Well I finally did it. I went and accidentally cut off the tip of my thumb.
My mom accidentally cut off the tip of one of her fingers when I was a child, and both of my brothers have at one time cut off the tip of one of their fingers, so I knew it was only a matter of time before I too cut off the tip of my finger.
The circumstances are a bit ironic, however. I’ve been doing most of the cooking around my parents’ house, and I was complaining to my mom about how dull her knives were. It was actually making my wrist hurt whenever I had to dice a lot of vegetables. I just knew the knife was going to slip from dullness and I was going to accidentally cut myself.
Now, my mom didn’t have a knife sharpener, but recently while we were shopping, she found an electric knife sharpener on sale and bought it. She then sharpened all of her knives, much to my joy (there are few things worse than preparing a meal with dull knives).
Naturally, I forgot they were newly sharpened, and the next day, I cut my thumb with a paring knife. Yes, a paring knife. I learned my lesson (or so I thought), and reminded myself to remember the knives new sharpness.
The next day as I was preparing super, I was dicing an onion, and somehow (I’m still not sure how) the knife went straight into the side of the tip of my thumb (the same thumb I cut the day before), nearly cutting off the tip.
When I showed my parents and husband what I’d done, my parents both sighed in exasperation and sympathized, whereas my husband pleaded with me to be more careful when I cook (as he usually does when I hurt myself in the kitchen). I texted both of my brothers about the incident, and where one brother laughed and told me, “how cool it is to see a non-life threatening injury bleed so much,” the other brother wanted to see a picture of my thumb.
Now that my thumb is all bandaged up and healing, I really have learned my lesson to be more careful with the knives. Especially when dicing onions. Or any vegetable for that matter.
Protect your thumbs. You’ll never know how useful they are until they’re bandaged up and you can’t get them wet, because it’ll mess up the bandages. Amen.
It came out better than I’d expected, and even my dad, who hates mushrooms, loved it! The chopped mushrooms give it a similar texture to bolognese sauce with ground meat in it, and the onion, carrot, and celery, give it great flavor.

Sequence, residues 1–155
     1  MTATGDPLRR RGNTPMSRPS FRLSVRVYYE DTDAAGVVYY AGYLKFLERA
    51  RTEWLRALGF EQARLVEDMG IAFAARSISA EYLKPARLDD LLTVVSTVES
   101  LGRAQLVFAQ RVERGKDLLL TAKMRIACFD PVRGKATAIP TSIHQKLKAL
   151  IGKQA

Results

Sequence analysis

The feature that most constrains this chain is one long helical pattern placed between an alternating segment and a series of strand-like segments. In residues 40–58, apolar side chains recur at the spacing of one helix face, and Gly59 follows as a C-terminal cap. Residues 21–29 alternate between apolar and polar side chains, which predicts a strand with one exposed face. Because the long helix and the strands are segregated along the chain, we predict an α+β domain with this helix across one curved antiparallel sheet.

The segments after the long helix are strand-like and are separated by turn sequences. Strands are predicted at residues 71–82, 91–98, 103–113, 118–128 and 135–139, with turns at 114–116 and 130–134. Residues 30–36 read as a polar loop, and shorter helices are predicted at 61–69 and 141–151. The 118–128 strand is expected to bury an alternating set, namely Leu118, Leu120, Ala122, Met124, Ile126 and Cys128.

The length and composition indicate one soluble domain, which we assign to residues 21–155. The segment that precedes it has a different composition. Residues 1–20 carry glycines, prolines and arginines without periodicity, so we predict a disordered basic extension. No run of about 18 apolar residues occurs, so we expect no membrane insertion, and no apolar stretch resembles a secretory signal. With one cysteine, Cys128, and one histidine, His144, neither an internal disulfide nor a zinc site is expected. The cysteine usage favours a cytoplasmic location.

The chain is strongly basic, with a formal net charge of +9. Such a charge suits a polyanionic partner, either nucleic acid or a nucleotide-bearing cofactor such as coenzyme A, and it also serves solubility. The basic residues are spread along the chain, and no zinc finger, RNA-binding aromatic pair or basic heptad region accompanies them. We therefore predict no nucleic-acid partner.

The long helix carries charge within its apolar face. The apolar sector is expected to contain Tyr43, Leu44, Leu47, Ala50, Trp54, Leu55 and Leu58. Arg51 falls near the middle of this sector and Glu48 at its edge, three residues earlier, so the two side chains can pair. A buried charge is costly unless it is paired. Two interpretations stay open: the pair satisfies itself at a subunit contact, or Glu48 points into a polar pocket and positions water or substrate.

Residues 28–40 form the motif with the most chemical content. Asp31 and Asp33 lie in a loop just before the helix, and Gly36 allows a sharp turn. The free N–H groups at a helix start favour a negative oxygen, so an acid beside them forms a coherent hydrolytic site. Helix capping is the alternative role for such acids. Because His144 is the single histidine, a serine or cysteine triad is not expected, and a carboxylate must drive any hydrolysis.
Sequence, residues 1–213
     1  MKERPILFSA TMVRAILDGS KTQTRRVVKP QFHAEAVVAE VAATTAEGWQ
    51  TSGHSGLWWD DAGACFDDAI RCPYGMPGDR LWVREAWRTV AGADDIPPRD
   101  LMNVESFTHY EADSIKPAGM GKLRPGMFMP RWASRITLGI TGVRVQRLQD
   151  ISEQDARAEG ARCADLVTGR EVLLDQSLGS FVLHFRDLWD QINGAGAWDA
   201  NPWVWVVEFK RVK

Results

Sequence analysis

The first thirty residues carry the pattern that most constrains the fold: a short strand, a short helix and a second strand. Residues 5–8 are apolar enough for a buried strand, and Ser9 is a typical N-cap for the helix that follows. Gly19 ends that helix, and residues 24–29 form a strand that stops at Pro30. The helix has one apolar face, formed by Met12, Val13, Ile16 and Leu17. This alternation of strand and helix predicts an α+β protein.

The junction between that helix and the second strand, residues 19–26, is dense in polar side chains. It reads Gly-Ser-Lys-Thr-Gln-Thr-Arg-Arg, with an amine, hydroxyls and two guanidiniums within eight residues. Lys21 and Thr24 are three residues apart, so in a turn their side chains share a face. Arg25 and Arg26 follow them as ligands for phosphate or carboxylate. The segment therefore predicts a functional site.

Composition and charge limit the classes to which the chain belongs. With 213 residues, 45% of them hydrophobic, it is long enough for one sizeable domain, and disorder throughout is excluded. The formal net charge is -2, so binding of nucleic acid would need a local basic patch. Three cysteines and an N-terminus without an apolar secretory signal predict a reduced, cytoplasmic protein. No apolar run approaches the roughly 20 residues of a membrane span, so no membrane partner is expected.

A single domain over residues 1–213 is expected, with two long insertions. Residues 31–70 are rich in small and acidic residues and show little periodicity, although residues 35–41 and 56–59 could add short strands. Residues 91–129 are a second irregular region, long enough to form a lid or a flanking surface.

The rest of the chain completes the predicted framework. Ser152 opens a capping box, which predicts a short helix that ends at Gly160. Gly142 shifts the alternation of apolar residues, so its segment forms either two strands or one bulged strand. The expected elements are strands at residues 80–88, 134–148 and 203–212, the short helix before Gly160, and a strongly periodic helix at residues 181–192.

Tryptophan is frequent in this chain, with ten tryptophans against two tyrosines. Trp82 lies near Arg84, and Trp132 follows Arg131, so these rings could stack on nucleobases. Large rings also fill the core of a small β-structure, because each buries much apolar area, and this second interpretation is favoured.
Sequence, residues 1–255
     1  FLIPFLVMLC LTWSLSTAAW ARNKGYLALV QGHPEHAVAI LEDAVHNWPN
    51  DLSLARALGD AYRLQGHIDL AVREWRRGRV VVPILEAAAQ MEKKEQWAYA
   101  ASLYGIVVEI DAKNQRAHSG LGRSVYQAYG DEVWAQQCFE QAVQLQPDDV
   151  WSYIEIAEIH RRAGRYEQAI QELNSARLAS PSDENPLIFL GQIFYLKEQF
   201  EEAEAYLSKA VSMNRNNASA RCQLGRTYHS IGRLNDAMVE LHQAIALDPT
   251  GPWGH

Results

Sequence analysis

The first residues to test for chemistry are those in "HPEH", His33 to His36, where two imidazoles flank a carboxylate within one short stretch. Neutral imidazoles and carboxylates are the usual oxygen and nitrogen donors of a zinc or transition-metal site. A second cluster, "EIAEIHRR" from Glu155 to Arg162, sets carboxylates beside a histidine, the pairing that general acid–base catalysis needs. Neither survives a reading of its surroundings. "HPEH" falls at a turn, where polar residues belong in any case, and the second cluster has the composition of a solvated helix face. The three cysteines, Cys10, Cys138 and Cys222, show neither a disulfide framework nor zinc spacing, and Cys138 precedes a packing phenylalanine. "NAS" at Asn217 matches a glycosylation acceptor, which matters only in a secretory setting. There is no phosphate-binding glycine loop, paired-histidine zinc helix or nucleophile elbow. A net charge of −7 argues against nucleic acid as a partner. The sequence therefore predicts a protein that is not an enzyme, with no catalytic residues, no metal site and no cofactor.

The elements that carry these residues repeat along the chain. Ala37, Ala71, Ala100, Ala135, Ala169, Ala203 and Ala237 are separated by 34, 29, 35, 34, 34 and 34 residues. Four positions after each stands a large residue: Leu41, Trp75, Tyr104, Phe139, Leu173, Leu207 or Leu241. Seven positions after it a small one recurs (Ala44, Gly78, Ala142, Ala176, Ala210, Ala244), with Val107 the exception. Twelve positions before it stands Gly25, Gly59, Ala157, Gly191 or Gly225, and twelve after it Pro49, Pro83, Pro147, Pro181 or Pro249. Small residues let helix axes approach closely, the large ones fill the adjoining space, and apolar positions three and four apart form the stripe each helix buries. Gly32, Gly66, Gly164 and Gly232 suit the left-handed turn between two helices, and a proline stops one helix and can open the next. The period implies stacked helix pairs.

Add 3/4 cup red wine and about 5 – 6 cups chopped mushrooms, and raise the heat to high. When the wine starts to boil, lower the heat to a simmer, and simmer for about 5 minutes. Try using different kinds of mushrooms. The different flavors will add more depth to the sauce.
Add two cans of crushed tomatoes, 1 1/2 cups of vegetable broth, two tsp. of sugar, two bay leaves, two tsp. dried oregano, one tsp. dried thyme, and one tsp. dried basil. Mix well and simmer for 30 minutes to an hour, or until the sauce is the thickness you want.
Vegetarian Mushroom Bolognese Sauce
(serves 4 – 5)
- Fettuccine (or pasta or your choice) for 4 – 5 people
- 2 Tbsp. extra virgin olive oil
- 1 medium onion, diced
- 1 carrot, diced
- 2 ribs celery, diced
- 3 garlic cloves, minced
- 3/4 c. red wine
- 5 – 6 c. chopped mushrooms (any mix)
- 2 (14 oz.) cans of crushed tomatoes
- 1 1/2 c. vegetable broth
- 2 tsp. sugar
- 2 bay leaves
- 2 tsp. dried oregano
- 1 tsp. ground thyme
- 1 tsp. dried basil
- salt and pepper to taste
- Cook pasta according to package instructions and set aside.
- In a large pot, heat oil over medium-low heat. Add onion, carrot, and celery, and saute slowly until vegetables tender, about 8 minutes.
- Add garlic and saute another 1 minute.
- Add wine and mushrooms, and turn up heat until boiling. Lower heat to a simmer, and simmer for about 5 minutes.
- Add tomatoes, broth, sugar, bay leaves, oregano, thyme, and basil, and mix well. Simmer, uncovered, for 30 minutes to an hour, or until sauce is the desired thickness.
- Season with salt and pepper to taste, remove bay leaves, and serve with the cooked pasta.
Recipe adapted from The Italian Dish.